Recent Glyphs at Fallon, Nevada

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posted on Dec, 24 2012 @ 03:51 PM
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Using the website for NAS Fallon, specificallyTHIS page, I mapped out the various ranges. The "glyphs" are located in range Bravo-20.



From the website:


Bravo-20. The B-20 target range is located in the northeastern section of the Carson Sink and lies within the Lone Rock NSAWC working area. Lone Rock, an igneous rock formation approximately 140 feet tall, is the center of this target area. The B-20 area is 31 nm north-northeast of NAS Fallon at an elevation of 4,040 feet at Lone Rock. The adjacent flats are at 3,890 feet above MSL. Drainage in the area surrounding this range is very poor, often leading to extensive areas of shallow surface water surrounding many of the target sites after heavy rains. The Light Inert Impact Areas within B-20 include: • Two conventional bull’s-eye targets with night lighting and WISS scoring • Laser evaluation capabilities • A laser-guided bomb target • Two strafe targets • A submarine target • A broadcasting facility • A radar van target • Area 52, a simulated Weapons of Mass Destruction (WMD) facility The Heavy Inert Impact Area within B-20 consists of an industrial site comprised of 22 large metal targets of various geometric designs. Adjacent to the Heavy Inert Impact Area is the Live Impact Area, which includes the Lone Rock target within an alkali flat, and the Hellfire target, a single, light-armored vehicle target. The primary ordnance jettison area at Fallon is the B-20 HE impact area. The five Laser Target Areas (LTAs) aboard B-20 include the Live Impact Area, a submarine target, a laser-guided bull, and the North and South Conventional Bull targets. Delivery of inert Joint Direct Attack Munition (JDAM) is only authorized within the boundaries of the B-20 target range. The only authorized target for practice JDAM expenditure is the radar van target (B-20-12), which includes Sheridan Tank-1, Sheridan Tank-2, Sheridan Tank-3, and the Tactical Fuel Truck. The targets within B-20 accommodate expenditure of MK-76/BDU-33, MK-106, BDU-48, LGTR, 2.75 FFAR (practice), LUU-2 Paraflares, BDU-45, .20mm TP, .25mm TP, 30mm TP, 7.62mm, .50 cal (no HEI), 5.0 Zuni (practice), MK-80 series (live and practice LGB), MK-77 (Napalm), JDAM, and AGM-114 (Hellfire).


So, I'm thinking they are some of those geometric metal targets they are talking about.




posted on Dec, 24 2012 @ 11:01 PM
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reply to post by JJRichey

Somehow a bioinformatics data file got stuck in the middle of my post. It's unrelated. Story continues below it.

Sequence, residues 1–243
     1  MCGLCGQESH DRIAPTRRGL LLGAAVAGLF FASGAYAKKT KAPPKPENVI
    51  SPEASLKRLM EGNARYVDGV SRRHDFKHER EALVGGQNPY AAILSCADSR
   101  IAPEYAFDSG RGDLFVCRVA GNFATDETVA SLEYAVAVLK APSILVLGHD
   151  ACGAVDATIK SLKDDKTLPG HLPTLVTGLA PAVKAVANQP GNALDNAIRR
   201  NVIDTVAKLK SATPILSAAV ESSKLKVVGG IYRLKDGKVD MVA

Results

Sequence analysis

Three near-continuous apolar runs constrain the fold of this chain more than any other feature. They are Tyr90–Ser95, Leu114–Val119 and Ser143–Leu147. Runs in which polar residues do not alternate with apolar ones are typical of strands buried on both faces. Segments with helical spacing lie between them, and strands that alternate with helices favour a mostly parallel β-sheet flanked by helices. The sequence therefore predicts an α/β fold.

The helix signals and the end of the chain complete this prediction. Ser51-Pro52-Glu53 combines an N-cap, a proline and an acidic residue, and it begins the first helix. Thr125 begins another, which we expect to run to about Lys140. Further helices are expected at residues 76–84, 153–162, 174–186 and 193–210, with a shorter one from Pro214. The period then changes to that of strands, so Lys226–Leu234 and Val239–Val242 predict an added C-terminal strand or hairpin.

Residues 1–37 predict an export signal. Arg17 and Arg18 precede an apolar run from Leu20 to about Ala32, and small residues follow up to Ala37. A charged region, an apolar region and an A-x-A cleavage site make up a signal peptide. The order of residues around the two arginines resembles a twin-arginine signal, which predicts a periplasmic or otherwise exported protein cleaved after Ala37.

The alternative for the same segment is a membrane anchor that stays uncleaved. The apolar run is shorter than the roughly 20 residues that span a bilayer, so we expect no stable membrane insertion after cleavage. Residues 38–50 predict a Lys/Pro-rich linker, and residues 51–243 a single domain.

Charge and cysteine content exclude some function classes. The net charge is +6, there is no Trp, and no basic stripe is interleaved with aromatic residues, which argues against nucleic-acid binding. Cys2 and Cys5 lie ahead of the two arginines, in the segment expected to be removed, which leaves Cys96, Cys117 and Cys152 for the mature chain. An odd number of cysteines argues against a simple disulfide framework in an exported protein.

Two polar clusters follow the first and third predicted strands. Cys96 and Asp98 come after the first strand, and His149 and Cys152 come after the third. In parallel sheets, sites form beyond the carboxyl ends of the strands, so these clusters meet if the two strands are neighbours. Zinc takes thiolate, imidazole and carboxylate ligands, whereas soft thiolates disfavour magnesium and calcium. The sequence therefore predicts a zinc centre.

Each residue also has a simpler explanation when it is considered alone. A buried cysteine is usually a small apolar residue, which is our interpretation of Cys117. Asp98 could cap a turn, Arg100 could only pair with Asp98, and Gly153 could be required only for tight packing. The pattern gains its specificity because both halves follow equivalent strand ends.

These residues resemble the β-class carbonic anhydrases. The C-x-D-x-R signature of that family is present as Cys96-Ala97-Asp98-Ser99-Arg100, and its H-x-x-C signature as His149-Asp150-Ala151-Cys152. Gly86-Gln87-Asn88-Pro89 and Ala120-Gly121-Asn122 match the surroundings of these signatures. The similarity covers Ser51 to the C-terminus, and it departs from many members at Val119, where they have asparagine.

The website declares there are 22 metal targets. If these 3 large intricate composite objects are what they are talking about, there appear to be a lot more than that number. An old tank or two, or misc. equipment I can understand as targets for practice but these objects which have been there since at least 5/2006 appear to be pristine with no damage or disorder.

If I were the military and wanted to keep a bombing range off limits and secure why would I describe in detail the targets and uses of the various ranges on a web site? Is Homeland Security that comfortable with that amount of information available to the public?



posted on Dec, 25 2012 @ 11:42 AM
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reply to post by grayeagle
 


There are 22 METAL targets. The rest are wooden buildings, etc. Not all the targets on the range are metal, since not all the buildings they'll hit are metal. They use wood, to see how the bombs will react with different types of structures.



posted on Dec, 25 2012 @ 09:43 PM
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reply to post by Zaphod58
 




They use wood, to see how the bombs will react with different types of structures.


I see no evidence of damage to these objects from bombs or from straffing. The military will do what it will but I really question if this is a life weapons target. I will probably never know the truth and I can live with that but can you state that it doesn't look odd? I asked JJ Ritchey to tell me how similar these were to what he experienced and he has not replied.
edit on 06/02/2011 by grayeagle because: (no reason given)



posted on Dec, 25 2012 @ 10:08 PM
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reply to post by grayeagle
 


There is no visible damage, but it's cheaper and faster to build with wood, than to build all the targets out of metal. Especially when you're talking about a lot of buildings like this shows.